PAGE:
How To Make a Glitter Globe
Learn how to make a glitter globe; this timeless classic is a great craft idea for all ages and a great take on the original “snow” filled version -which is great if you want something you can enjoy year round no matter what the season.
I’ve enjoyed making these over the years, I was inspired to make mine after a plastic version I got from a souvenir shop started leaking 🙁 I used some easy to obtain objects, and a method to follow sequentially each time.
I also like how these things kind of double as a paperweight too 🙂 A pretty one!
Homemade Glitter Globe Supplies
These are the ingredients you need to create a homemade glitter globe out of an ordinary jar:
- Small jar and lid – wide mouth is always preferable
- Assorted confetti
- A 1 oz tube of glitter in your color choice
- Small object of your choosing that will be the “focal point” for the glitter globe
- Waterproof glue
If you enjoyed the sensory bottle project, this is pretty similar in approach. We are going to be doing a few things differently here though.
Table of Contents
Be sure to set aside a week at least to complete this fun project.
How To Make Your Own Glitter Globe!
1. With a clean empty jar in hand, first things first…using a dab of waterproof glue around the object edges and the spot on the lid, attach the chosen object in the middle of the lid. The object of your choosing can be something of sentimental value or just one that you enjoy looking at.
It’s best to choose something “tapered” so that the jar will fit into the lid with no danger of overlap. You also may want to pick something you won’t mind-and made of a material too-that can stand up to being submerged 24/7.
Note: The solvent I’m using here – Gorilla Glue – one thing not recommended is items made of polystyrene….so avoid objects made out of that if you can.
For my project I am using this pretty glass triangle; its design will work great on all these levels. It’s pretty to look at, will fit easily, and is safe to be submerged.
2. Leave it alone to set up for as long as you need to. Even though I always use a reliable solvent glue, I still make sure my projects have at least 48 hours to “cure up”. Water will be going in there, and this may end up a gift and I want it to hold up right the first time. So don’t rush it; be sure to let the glued object/lid “cure” for a few days.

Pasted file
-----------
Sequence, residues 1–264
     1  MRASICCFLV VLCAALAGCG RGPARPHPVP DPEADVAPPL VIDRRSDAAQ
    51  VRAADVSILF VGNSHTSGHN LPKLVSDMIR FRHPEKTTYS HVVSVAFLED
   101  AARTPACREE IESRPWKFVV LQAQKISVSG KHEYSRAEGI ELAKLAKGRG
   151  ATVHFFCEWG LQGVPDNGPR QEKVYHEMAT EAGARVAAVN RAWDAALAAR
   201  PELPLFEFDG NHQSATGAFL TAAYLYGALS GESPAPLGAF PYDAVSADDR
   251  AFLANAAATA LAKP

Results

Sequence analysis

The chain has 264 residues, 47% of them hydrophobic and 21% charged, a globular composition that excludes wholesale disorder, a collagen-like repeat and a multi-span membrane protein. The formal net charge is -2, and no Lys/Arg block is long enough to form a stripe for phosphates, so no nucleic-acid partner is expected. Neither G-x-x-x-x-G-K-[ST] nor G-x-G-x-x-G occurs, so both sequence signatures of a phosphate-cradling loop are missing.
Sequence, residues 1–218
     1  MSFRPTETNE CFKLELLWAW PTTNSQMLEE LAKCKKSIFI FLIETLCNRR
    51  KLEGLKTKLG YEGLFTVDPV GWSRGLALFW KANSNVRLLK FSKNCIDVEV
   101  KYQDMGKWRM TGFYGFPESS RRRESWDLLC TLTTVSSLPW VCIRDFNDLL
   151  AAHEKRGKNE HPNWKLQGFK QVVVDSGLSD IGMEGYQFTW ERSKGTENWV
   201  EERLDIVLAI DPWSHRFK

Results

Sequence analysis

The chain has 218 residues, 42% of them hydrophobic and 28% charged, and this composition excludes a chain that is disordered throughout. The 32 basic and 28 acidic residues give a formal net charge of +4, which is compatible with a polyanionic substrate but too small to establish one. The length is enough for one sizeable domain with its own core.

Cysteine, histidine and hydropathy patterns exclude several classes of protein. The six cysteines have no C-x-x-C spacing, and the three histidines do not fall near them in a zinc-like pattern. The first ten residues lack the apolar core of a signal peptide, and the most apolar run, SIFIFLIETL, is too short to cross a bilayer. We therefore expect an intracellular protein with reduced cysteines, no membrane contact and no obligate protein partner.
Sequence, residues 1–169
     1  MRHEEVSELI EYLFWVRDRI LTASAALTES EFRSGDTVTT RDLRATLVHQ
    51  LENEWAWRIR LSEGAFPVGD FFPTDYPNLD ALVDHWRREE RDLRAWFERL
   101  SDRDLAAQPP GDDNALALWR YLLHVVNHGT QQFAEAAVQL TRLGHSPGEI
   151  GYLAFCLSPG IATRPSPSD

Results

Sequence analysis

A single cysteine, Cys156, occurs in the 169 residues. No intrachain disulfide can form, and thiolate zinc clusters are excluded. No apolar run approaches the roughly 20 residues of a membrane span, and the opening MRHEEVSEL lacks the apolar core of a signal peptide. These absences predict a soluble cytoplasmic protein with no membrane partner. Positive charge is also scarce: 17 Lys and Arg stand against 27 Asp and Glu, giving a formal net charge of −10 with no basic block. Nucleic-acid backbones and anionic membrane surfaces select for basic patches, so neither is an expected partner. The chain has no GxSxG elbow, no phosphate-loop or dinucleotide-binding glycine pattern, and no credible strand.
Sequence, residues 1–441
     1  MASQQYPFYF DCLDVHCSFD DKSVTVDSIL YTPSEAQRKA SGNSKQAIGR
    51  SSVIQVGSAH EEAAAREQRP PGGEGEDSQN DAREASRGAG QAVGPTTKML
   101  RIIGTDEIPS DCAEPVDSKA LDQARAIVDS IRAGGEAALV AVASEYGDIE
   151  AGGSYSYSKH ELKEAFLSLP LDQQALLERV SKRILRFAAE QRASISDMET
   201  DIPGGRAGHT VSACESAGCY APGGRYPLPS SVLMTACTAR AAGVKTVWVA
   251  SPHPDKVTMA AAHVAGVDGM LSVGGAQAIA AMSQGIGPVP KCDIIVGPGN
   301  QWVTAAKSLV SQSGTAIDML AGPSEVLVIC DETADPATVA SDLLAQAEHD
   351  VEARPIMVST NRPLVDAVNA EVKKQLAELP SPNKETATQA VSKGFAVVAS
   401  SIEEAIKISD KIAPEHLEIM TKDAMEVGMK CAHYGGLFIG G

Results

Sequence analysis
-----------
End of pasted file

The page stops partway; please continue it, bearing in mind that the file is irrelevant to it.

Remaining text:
3. OK…Fill the jar with a little confetti, glitter, what have you. I’m using a combination of both here. A little goes a long way is my glitter philosophy, so I probably used a fourth of a teaspoon if that in my project. I wanted the addition of the metallic confetti to “complement” it a little.
How much glitter you want to use is up to you ultimately as you don’t have to be as stingy as I am with it…some of it will be suspended in the water but most of it will float to the bottom. My combined glitter/confetti is about a fourth of an inch.
4. Fill the jar with water up to about the rim of the jar (to make a little allowance for the submerged object that will displace it slightly) Add a few drops of glycerin.
You’re probably wondering why I ask you to put in the glitter first before the water….Well, the glitter by its very nature of scattering easily, will clump up at the top if you go water first then glitter, so its best to go glitter first then water.
Glycerin is a product that has its role in medicinal use, but as I understand it’s also used to preserve craft projects. You can probably get it online; I got mine from the drugstore.
A glitter jar I made years ago, I didnt’ know about glycerin’s use here, and some fo the confetti ended up dying the water pink-no joke.
5. Apply some glue to the rim of the jar and for good measure to the inside of the lid where it will stick with the lid.
6. Now carefully take that sucker and glue it to the jar just like you were removing or replacing the lid. Make sure it will be snug but no need to tighten the daylights out of it as the glue will do most of the work.
7. Now let it set up to cure again…just like you did with the object/lid. A few days for good measure, play your cards right and this thing will be a real treasure!
You can paint the lid/base part if you want, but it’s not necessary. The lid from my jar was just plain solid black with no writing so I just decided to leave it be.
Now you know officially how to make a glitter globe that will stand the test of time! You can tip it over and shake and watch that glitter dance around so it’ll be worth it!
American Crafts 24-Pack WOW and Spark Mixed Glitter and TinselDoodlebug Sugar Coating Chunky Glitter Assortment, 5 Gram Bottles, 12/PkgColorful Glitter Confetti Mixed Shapes Size 3mm Great for DIY CraftsOther Creative Posts You Might Enjoy